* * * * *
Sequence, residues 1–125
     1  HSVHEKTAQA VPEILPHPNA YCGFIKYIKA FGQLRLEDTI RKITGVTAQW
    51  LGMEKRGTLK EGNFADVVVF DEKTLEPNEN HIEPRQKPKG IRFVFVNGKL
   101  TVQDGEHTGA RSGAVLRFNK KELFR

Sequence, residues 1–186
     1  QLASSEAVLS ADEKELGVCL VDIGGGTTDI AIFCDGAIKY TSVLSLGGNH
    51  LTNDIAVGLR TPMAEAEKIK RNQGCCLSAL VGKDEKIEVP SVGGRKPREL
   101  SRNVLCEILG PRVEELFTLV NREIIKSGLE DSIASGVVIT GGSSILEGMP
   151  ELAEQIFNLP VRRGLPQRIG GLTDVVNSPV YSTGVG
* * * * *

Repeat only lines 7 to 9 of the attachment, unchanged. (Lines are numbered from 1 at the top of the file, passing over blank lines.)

    51  LTNDIAVGLR TPMAEAEKIK RNQGCCLSAL VGKDEKIEVP SVGGRKPREL
   101  SRNVLCEILG PRVEELFTLV NREIIKSGLE DSIASGVVIT GGSSILEGMP
   151  ELAEQIFNLP VRRGLPQRIG GLTDVVNSPV YSTGVG